Effect of Whole-body Vibration on Depression, Anxiety, Stress, and Quality of Life in College Students: A Randomized Controlled Trial

Author: Geetanjli Chawla1, Muhammad Azharuddin1, Irshad Ahmad2, M Ejaz Hussain3
1 Centre for Physiotherapy and Rehabilitation Sciences, Jamia Millia Islamia, New Delhi, India.
2 Faculty of Allied Health Sciences, Manav Rachna International Institute of Research and Studies, Haryana, India.
3 Faculty of Allied Health Sciences and Physiotherapy,Shree Guru Gobind Singh Tricentenary, University, Haryana, India.
Conference/Journal: Oman Med J
Date published: 2022 Jul 31
Other: Volume ID: 37 , Issue ID: 4 , Pages: e408 , Special Notes: doi: 10.5001/omj.2022.72. , Word Count: 204

To determine the effects of whole-body vibration (WBV) training on depression, anxiety, stress, and quality of life (QoL) in college students.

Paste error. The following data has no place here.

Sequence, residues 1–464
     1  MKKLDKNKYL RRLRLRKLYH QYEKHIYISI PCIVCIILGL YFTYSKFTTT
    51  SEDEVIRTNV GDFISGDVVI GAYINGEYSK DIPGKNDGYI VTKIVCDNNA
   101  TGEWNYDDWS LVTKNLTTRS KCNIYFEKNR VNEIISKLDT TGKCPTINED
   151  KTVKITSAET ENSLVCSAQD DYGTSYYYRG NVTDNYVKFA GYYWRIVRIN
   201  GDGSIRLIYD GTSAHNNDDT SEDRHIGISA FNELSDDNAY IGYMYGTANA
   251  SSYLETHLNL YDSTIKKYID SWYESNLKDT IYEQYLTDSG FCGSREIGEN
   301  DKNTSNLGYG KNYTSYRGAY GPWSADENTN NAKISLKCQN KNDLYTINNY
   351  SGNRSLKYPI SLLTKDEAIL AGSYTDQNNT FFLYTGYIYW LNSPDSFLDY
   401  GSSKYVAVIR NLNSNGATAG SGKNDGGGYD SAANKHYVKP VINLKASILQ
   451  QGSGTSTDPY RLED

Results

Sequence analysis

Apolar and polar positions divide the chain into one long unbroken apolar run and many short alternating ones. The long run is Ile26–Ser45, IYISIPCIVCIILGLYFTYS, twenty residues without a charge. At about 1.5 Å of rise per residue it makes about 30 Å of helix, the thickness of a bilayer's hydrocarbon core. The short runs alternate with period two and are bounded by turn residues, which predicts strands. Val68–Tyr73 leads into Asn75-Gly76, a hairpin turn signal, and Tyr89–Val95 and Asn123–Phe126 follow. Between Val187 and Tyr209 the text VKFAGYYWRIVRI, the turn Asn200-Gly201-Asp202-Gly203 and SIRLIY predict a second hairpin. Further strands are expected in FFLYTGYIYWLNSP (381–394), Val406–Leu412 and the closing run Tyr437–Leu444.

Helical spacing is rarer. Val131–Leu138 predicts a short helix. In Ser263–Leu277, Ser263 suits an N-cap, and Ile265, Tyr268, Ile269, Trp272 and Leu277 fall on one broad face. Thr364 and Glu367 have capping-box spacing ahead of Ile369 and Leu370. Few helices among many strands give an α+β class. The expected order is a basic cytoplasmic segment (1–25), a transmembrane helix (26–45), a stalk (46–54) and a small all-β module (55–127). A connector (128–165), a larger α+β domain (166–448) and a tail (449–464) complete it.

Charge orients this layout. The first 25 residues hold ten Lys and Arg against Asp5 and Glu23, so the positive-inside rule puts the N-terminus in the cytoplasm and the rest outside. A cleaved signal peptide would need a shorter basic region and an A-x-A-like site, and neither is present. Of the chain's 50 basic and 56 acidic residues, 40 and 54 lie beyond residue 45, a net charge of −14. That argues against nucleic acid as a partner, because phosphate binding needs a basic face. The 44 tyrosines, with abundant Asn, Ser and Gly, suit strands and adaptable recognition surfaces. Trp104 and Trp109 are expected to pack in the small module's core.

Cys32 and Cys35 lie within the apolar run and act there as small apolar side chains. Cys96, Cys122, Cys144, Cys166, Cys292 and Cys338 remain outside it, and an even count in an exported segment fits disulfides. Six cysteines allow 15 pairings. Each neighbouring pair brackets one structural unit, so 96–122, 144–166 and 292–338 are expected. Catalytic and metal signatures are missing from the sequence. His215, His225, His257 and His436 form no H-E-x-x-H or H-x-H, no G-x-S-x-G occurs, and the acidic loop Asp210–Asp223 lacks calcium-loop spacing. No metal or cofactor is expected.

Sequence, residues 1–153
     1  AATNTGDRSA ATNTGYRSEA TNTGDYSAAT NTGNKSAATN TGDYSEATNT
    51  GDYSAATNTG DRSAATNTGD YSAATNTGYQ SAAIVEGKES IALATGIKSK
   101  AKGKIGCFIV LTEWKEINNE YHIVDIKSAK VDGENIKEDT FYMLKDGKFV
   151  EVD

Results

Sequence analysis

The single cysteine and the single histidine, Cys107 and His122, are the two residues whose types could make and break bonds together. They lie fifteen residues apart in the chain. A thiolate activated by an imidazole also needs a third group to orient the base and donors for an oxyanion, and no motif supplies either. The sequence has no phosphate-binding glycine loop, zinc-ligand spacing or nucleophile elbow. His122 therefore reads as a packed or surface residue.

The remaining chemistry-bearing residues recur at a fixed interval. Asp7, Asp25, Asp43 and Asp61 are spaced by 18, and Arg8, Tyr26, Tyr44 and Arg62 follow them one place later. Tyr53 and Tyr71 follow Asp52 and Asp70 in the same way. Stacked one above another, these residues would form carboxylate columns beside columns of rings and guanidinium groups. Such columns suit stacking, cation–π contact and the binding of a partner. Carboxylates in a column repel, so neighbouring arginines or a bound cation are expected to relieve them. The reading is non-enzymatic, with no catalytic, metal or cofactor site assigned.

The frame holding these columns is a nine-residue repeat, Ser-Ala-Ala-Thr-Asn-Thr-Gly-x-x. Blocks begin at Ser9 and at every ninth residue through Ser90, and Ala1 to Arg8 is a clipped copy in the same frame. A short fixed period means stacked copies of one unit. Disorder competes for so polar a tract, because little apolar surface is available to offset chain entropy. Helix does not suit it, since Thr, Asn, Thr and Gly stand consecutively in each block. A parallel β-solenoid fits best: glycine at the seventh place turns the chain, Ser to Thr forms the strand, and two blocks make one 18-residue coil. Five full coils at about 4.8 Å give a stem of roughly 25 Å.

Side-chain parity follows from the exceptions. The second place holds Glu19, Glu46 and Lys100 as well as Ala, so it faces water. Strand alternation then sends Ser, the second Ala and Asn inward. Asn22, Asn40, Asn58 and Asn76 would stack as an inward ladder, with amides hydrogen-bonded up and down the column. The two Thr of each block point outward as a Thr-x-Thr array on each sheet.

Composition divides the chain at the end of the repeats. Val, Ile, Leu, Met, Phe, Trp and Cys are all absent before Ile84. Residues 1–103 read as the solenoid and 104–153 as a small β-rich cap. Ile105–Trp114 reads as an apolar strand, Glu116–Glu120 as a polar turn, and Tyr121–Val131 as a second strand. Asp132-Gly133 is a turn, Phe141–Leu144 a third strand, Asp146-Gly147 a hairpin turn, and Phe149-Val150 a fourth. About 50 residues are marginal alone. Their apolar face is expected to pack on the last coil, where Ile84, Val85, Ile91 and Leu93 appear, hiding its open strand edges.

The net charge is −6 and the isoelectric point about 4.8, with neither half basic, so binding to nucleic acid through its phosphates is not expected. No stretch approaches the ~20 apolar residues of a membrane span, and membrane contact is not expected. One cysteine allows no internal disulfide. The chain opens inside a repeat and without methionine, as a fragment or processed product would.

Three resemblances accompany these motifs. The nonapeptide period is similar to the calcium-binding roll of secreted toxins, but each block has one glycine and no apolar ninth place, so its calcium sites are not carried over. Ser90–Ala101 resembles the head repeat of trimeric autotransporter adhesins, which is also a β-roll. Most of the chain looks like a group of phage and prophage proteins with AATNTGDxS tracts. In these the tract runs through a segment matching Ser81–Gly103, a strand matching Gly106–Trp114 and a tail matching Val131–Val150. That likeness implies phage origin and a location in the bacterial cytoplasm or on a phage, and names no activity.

The participants comprised college students who led physically inactive lifestyles as revealed by their Medical Outcomes Study Form 36 (SF-36) scores, and with elevated scores of Depression Anxiety Stress Scale (DASS) test. They were randomly allocated to two groups of 15 each: (a) the WBV group (male = 3, female = 12) and (b) the exercise group (male = 6, female = 9). The participants in the WBV group performed prescribed exercises while they stood on a vibrating platform whereas those in the exercise group performed the same exercises but without the vibrating platform. After four weeks of twice-a-week training, DASS and SF-36 were measured. The pre- and post-scores were compared between the groups.

Depression (p < 0.001), anxiety (p < 0.001), and stress (p < 0.001) were found to reduce significantly for the WBV group compared to the exercise group. There was also significant within-group improvement in all the components of SF-36 (p < 0.040).

Exercising on the WBV platform may reduce depression, anxiety, and stress in college students and improve their overall QoL.

Keywords: Depression; Exercise, Physical; India; Mental Health; Quality of Life; Vibration; Young Adult.

PMID: 36052109 PMCID: PMC9396709 DOI: 10.5001/omj.2022.72